A spectator wearing a Darth Vader mask rushed the stage, momentarily disrupting the competition. Chestnut put the protester in a brief chokehold before contest officials hurried over and escorted the intruder away.

Another protester in a white stormtrooper mask had also snuck behind the competitors and hoisted a sign saying, “Expose Smithfield's Deathstar.” Smithfield manufactures Nathan's famous hotdogs.

Monday, Jul. 4, 2022

Miki Sudo competes in the Nathan's Famous Fourth of July hot dog eating contest in Coney Island on Monday, July 4, 2022, in New York. Sudo ate 40 hot dogs to win the women's division of the contest. (AP Photo/Julia Nikhinson)

Free parking helps keep councillors driving to city hall

Julia-Simone Rutgers 6 minute read Preview

Free parking helps keep councillors driving to city hall

Julia-Simone Rutgers 6 minute read Monday, Jul. 4, 2022

Most city councillors, like the majority of Winnipeggers, drive to work, and those commutes help make driving the largest source of greenhouse gas emissions in the city.

Despite the city’s plan to slice emissions in the coming decades, one city hall perk makes it hard for councillors to abandon their cars — a free parking pass.

Coun. Matt Allard (St. Boniface) says the option of free parking makes it easy to decide to drive to work.

“One of the biggest inconveniences of commuting to work downtown is finding that parking spot,” he said. “So not only is it tempting from a financial perspective, because you already have a spot paid for, but also you have the convenience of knowing that there’s going to be a spot for you as soon as you pull in.”

Monday, Jul. 4, 2022

MIKE DEAL / WINNIPEG FREE PRESS FILES
Coun. Matt Allard (St. Boniface) says the option of free parking makes it easy to decide to drive to work. Allard hasn't used a free parking pass since 2018, opting for other modes of transportation instead.

Winnipeg’s shiny plan for net-zero emissions

Julia-Simone Rutgers 12 minute read Preview

Winnipeg’s shiny plan for net-zero emissions

Julia-Simone Rutgers 12 minute read Saturday, Jul. 2, 2022

The City of Winnipeg is taking steps toward a net-zero emissions future; a committee of council has unanimously approved an ambitious, multibillion-dollar ‘road map’, with hopes of getting there by 2050.

The Community Energy Investment Roadmap was commissioned by council in 2020. Meant to accompany the city’s broader guiding documents (OurWinnipeg2045 and the 2018 Climate Action Plan), the road map outlines a series of targets for reducing emissions in five sectors, as well as recommendations to help make the goals of the plan a reality. The committee also approved a plan to request annual progress reports from each department affected, and a motion to discuss hiring two additional employees to tackle work outlined in the report at the next budgetary consultations.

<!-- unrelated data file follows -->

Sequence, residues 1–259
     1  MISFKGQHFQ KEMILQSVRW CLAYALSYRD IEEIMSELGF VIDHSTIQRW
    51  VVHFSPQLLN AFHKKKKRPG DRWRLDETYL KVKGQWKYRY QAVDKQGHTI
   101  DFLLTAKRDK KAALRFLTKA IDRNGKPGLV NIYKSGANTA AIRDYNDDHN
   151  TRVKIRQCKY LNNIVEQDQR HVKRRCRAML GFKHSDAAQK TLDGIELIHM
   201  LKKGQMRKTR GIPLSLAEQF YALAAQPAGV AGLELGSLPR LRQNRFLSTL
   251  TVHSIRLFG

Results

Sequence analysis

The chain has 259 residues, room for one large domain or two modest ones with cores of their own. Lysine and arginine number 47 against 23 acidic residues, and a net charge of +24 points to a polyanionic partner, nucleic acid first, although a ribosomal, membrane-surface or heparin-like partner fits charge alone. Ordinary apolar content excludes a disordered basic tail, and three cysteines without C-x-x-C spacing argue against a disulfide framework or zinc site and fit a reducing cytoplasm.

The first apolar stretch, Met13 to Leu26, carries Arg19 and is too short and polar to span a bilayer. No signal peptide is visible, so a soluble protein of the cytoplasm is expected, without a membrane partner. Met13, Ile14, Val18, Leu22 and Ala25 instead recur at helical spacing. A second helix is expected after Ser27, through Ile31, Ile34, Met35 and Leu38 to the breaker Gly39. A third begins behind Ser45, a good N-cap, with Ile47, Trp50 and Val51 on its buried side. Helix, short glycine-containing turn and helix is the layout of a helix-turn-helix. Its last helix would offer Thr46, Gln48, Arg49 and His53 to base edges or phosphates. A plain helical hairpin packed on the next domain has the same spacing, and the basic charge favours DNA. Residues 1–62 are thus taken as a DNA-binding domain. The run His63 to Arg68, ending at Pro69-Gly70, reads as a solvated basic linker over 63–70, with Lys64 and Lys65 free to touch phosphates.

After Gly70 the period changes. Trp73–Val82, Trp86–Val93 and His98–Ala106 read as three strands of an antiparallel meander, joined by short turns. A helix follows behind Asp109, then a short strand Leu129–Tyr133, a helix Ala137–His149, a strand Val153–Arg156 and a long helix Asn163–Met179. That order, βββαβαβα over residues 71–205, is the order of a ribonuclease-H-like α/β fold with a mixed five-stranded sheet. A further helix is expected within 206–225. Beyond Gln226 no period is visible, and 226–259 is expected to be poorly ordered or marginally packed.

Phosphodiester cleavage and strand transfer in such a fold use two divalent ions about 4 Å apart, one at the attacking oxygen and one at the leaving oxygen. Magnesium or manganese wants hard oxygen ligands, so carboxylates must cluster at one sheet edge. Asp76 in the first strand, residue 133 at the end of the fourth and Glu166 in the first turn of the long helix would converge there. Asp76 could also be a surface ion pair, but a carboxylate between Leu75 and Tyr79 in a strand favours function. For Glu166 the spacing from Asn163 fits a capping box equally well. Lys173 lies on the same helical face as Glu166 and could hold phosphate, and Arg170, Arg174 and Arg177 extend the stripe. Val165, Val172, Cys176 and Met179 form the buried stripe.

Climate and environment advocates lauded the report at a water, waste, riverbank management and environment committee meeting, celebrating its detailed financial modelling and holistic approach to emissions reduction.

“Universally, there is a lot of joy amongst (the climate advocacy) community as a consequence of receiving this report,” Climate Change Connection executive director Curtis Hull said during the June 28 meeting. The road map “is phenomenal; it’s exactly what we need right now.”

Saturday, Jul. 2, 2022

JOHN WOODS / WINNIPEG FREE PRESS FILES
The City of Winnipeg is taking steps toward a net-zero emissions future.

Compost Winnipeg fills a gap in city services

Julia-Simone Rutgers 15 minute read Preview

Compost Winnipeg fills a gap in city services

Julia-Simone Rutgers 15 minute read Friday, Jun. 10, 2022

It’s a wet and windy morning in Winnipeg and Garrett LeBlanc’s main concern is dodging the foul-smelling juice spraying out from the dozens of green bins he’ll tip during the day.

He zips his raincoat up high and secures a 290-litre bin to the hydraulic arm on the side of his ride for the day — a compact garbage-collection truck — then pushes a button to start the lift. He keeps his eyes trained on the slow rise of the bin, then on the green bags of discarded watermelon rinds, meat scraps and kitchen leftovers that tumble into the bed of the truck.

The breeze hooks a thin trail of “rot splatter” and sends it whizzing toward LeBlanc. He dodges. He gives the bin a shake at the peak of the lift, a quick up-down motion with the buttons, before lowering it back to the pavement.

Friday, Jun. 10, 2022

MIKAELA MACKENZIE / WINNIPEG FREE PRESS
Garrett LeBlanc, compost courier with Compost Winnipeg, dumps a bin into the truck in Winnipeg.

Next city council needs to up its green game, advocates say